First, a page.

I had known that there was supposed to be a beach Arts Festival taking place at the moment, Jill, the woman on reception had told me when I checked in, but I did not expect what I found. On the dark sandy foreshore giant sculptures made of driftwood loomed, ghost-like, out of the mist. I could genuinely not see more than about twenty metres and it was very eerie to see figures and shapes, some three or four times taller than me, gradually appearing as I walked along. I went down onto the beach proper and collected a few jade pebbles. The best time to find them is when it is wet or misty. When they are dry they just look like grey stones but in these conditions it was easy to spot them, green and iridescent amongst the sand.
I wandered back to Mountain Jade for a coffee. In the kitchen was a lady making breakfast for herself and her two sons. We got chatting about travelling around New Zealand and the respective reasons we were there. She was a Danish teacher, had recently been divorced, sold up their small holding and decided to take her twins for a long holiday to take their minds off the bad things, as she put it. It turned out that both she and I shared the same birthday.
The rain stopped mid-morning and I only had the sea mist to contend with as I went back to the beach. There were more people there now, admiring the sculptures and breathing in all that damp air. Many of them were taking photographs, as I had been doing, and it made me realise that these works of art, with many hours of creativity in them, would be washed away and destroyed by the next very high tide to batter these shores; slightly less transient than ice sculptures, but not much.
In the afternoon I booked my accommodation for the next stage of my travels in Greymouth and then went to the local Tourist Information office, or more correctly, ‘i site’, to sort my transport, Atomic Shuttle yet again. I am really not sure whether this is a uniquely New Zealand thing but to be able to book transport and accommodation from Information offices is so useful. It enables the traveller and visitor to deal with all these things in one place, a place that is open seven days a week, is easy to find and with staff more knowledgeable than just about anywhere else. On this occasion, my very knowledgeable help was Kirsty who also happened to be gorgeous. The Information office is housed in the Carnegie Building which is also the home of the West Coast Historical Museum (There are other sorts?). I had a quick look around but, as I was in serious danger of doing everything in Hokitika in one short day, decided to leave doing it properly for another time, which never came.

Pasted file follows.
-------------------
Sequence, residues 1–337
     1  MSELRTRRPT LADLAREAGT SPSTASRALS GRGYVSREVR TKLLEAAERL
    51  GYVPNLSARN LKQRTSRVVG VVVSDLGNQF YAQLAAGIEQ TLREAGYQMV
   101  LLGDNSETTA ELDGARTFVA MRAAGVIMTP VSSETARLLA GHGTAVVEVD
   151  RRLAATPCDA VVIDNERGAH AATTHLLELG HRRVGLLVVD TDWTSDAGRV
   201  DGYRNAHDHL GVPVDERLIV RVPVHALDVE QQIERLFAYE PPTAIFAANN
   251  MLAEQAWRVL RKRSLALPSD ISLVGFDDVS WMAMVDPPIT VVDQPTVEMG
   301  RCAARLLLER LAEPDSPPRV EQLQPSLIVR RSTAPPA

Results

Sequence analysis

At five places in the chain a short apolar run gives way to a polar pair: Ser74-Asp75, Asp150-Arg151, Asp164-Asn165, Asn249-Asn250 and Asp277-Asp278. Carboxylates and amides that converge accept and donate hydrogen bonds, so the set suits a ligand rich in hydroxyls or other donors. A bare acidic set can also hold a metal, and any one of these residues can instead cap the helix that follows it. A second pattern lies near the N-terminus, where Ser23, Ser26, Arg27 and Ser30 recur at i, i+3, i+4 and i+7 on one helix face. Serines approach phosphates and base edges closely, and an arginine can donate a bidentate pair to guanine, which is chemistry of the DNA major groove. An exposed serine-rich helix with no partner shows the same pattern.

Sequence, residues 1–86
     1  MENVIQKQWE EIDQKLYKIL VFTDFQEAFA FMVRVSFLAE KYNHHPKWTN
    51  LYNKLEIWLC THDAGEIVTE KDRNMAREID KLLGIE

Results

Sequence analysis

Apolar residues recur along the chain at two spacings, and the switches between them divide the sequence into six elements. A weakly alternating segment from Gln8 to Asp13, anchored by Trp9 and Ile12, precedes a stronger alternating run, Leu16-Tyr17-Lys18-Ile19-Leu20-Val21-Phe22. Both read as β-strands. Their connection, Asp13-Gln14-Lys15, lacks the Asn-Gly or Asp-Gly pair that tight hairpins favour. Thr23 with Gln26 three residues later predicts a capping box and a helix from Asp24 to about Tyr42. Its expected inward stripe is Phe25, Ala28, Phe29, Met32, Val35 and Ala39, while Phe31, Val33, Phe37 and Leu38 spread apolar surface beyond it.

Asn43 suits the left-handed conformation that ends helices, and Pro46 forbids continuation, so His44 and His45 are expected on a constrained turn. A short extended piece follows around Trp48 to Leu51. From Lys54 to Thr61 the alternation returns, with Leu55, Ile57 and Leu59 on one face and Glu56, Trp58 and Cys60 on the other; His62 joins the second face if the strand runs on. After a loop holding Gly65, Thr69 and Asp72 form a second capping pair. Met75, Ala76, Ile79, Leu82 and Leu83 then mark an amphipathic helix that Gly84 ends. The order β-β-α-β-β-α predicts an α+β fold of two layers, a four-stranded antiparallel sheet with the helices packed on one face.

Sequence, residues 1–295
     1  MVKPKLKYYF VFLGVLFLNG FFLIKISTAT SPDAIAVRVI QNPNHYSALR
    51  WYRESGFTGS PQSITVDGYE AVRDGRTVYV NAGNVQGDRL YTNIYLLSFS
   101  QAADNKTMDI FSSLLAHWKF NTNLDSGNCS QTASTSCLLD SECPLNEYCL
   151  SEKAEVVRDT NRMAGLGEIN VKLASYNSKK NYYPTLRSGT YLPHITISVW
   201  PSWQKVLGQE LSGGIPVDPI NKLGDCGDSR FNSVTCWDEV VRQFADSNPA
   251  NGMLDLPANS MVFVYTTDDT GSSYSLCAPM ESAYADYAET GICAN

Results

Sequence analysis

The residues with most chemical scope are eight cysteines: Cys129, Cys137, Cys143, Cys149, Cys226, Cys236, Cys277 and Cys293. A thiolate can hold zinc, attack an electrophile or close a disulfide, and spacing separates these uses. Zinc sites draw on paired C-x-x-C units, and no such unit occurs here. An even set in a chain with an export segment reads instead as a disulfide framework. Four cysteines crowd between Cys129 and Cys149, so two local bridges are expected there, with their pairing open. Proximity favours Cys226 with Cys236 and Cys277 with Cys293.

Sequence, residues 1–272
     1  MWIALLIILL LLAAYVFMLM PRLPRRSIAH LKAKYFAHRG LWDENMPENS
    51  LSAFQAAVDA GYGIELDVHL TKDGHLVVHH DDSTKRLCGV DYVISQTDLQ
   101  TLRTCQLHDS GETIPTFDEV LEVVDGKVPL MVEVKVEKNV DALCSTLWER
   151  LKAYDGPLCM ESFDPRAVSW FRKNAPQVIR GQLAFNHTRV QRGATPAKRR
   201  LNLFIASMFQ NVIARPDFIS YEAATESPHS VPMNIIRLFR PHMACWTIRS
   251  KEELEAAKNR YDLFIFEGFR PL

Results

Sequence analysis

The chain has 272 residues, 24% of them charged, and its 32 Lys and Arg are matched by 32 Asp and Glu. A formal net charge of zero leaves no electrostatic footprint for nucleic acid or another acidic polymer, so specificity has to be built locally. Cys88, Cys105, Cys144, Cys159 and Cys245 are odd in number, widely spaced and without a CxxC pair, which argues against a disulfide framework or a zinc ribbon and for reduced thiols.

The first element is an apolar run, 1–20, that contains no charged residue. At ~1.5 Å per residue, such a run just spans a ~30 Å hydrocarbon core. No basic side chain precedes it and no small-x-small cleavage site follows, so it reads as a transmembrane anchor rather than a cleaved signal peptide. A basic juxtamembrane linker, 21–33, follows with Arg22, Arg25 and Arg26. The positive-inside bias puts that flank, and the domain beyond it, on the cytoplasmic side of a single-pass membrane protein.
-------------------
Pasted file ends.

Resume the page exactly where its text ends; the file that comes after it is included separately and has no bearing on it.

After a spot of email checking and writing at the Video Ezy I returned to the Backpacker’s to sort out something to eat. Communal cooking is not much fun when you are catering for one but on this occasion I was lucky because there were only a few people staying tonight and the place was relatively empty.
And that just about wrapped up my first full day in Hokitika. In the evening I spent a long time talking with Jill, on the reception. She had not been living in the town long, had come here from Golden Bay and did a good job of persuading me that it was somewhere I should visit. I told her I would have to see how I got on. For now, though, I was just hoping for some fine weather so that I could get in a long beach walk the next day, failing that it would be the lighthouse, curiously quite a long way inland, and the cemetery.
Before I went to bed I did some work for the Wanaka tourist board. The Danish teacher had asked me about places I had been to, what they were like and where to suggest she took her boys. To push home my point I got my computer from my room and showed her some of my photographs of Wanaka and the area around it. This sparked the interest of the only other person in the lounge at the time, Sarah, also a teacher but this time from Aspen, Colorado with a warm, Creature Comforts kind of smile. Sarah was on a round the world ticket and was loving her time in New Zealand. She too was looking for somewhere to go in the mountains that wasn’t Queenstown and Wanaka seemed to fit her needs. After she saw my pictures and read one of my essays her mind was made up. Wanaka owes me for the great job I was doing of singing its praises, but then again, maybe it is only right that I paid back Wanaka for all the pleasure it had brought me.